Factor XI deficiency: phenotypic age-related considerations and clinical approach towards bleeding risk assessment

Assaf Arie Barg, Tami Livnat, Gili Kenet*

*Corresponding author for this work

Research output: Contribution to journalReview articlepeer-review


Factor XI (FXI) deficiency is a rare bleeding disorder that presents complex challenges in patient assessment and bleeding risk management. Despite generally causing mild to moderate bleeding symptoms, clinical manifestations can vary, and bleeding tendency does not always correlate with FXI plasma levels or genotype. Our manuscript delves into the age-related nuances of FXI deficiency across an individual's lifespan. We emphasize issues faced by specific groups, including neonates and females of reproductive age experiencing abnormal uterine bleeding and postpartum hemorrhage. Older patients present unique challenges and concerns related to the management of bleeding as well as thrombotic complications. The current assortment of diagnostic laboratory assays shows limited success in predicting bleeding risk in the perisurgical setting of patients with FXI deficiency. This review explores the intricate interplay between individual bleeding profiles, surgical sites, and FXI activity levels. We also evaluate the accuracy of existing laboratory assays in predicting bleeding and discuss the potential role of investigational global assays in perioperative assessment. Furthermore, we outline our suggested diagnostic approach to refine treatment strategies and decision making. Available treatment options are presented, including antifibrinolytics, replacement products, and recombinant activated FVII. Finally, we discuss promising nonreplacement therapies for the treatment of rare bleeding disorders that can potentially address the challenges faced when managing FXI deficiency–related bleeding complications.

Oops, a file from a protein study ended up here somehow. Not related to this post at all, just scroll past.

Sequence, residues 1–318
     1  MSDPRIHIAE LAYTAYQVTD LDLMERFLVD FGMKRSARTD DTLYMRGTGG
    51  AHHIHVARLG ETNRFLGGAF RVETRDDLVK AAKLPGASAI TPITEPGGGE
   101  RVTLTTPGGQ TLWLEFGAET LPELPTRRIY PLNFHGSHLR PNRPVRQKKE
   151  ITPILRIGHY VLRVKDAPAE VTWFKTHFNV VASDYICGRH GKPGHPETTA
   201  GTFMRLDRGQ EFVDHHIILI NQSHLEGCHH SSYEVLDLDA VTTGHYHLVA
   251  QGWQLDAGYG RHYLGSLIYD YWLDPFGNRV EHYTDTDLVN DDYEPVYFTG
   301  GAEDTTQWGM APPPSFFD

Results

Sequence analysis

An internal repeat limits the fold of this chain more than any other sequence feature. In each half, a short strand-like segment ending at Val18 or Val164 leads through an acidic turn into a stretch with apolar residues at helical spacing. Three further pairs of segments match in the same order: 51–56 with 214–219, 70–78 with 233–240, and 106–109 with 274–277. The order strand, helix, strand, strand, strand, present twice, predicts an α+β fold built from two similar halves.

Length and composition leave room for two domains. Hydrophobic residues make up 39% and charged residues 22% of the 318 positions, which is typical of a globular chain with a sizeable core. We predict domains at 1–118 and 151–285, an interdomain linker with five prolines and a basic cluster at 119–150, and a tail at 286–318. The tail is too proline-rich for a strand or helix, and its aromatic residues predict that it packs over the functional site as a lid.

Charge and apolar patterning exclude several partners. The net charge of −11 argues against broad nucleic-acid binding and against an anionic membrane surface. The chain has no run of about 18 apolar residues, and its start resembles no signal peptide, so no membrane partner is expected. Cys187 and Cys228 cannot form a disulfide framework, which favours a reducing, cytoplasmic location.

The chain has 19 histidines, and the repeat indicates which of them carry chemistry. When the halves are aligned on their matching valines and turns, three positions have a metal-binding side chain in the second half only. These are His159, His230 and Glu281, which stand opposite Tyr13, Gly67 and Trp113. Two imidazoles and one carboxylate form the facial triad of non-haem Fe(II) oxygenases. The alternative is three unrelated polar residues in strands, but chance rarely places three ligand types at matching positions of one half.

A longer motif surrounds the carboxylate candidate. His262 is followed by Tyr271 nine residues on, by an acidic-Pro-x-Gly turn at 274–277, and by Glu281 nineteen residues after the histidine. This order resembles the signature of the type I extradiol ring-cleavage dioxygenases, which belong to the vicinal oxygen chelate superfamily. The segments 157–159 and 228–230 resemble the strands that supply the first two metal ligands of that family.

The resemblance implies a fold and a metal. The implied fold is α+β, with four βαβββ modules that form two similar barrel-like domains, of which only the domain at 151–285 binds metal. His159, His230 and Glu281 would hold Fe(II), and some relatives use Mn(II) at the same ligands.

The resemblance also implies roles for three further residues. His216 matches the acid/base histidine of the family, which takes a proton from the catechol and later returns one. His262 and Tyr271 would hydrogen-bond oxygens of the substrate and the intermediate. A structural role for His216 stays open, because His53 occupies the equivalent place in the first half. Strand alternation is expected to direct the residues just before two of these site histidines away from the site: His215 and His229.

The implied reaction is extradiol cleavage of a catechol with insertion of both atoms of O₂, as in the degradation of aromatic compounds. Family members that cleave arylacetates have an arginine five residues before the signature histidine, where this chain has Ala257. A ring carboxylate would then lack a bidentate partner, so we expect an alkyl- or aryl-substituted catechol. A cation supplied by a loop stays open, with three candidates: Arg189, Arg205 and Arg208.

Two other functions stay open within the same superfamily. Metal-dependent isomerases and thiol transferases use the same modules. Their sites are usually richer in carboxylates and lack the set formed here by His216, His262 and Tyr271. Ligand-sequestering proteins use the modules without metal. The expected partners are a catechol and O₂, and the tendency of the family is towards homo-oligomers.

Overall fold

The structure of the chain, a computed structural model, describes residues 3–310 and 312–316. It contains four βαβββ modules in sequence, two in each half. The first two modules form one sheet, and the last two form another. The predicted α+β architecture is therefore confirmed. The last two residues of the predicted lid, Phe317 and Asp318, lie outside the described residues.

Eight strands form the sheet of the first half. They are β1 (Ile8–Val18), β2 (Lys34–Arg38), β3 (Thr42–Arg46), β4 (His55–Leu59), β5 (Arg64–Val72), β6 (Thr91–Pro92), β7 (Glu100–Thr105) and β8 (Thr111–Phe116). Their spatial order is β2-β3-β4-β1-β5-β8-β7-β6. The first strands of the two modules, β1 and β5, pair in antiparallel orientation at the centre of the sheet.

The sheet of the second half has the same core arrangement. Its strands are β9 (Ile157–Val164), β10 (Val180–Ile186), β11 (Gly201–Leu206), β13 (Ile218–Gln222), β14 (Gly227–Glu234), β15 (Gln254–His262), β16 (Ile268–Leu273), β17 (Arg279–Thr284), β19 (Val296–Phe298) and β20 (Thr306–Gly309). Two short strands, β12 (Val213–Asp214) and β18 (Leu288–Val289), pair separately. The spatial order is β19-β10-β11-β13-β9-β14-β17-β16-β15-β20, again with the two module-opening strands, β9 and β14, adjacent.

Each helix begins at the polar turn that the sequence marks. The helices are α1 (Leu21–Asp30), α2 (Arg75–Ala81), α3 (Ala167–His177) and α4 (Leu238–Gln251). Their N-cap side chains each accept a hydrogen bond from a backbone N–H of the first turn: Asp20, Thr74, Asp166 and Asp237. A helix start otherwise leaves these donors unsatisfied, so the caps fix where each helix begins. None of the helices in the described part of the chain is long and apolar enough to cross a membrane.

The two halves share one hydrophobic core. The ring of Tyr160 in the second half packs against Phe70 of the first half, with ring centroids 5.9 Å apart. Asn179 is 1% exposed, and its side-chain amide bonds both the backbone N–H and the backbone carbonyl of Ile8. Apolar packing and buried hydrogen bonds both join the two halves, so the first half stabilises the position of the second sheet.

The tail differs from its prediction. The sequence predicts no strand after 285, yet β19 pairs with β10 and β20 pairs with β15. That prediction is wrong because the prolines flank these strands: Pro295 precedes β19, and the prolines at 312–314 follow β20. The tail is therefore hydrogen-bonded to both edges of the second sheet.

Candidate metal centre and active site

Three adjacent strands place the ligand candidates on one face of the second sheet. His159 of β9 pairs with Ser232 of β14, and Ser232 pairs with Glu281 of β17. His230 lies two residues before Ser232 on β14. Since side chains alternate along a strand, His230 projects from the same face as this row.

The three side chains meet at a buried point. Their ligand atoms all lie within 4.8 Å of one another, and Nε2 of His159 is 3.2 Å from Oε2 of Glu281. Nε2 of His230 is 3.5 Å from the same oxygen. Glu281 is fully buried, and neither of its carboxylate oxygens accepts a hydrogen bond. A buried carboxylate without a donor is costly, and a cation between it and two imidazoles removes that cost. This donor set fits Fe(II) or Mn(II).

Original languageEnglish
Pages (from-to)1455-1464
Number of pages10
Issue number15
StatePublished - 11 Apr 2024


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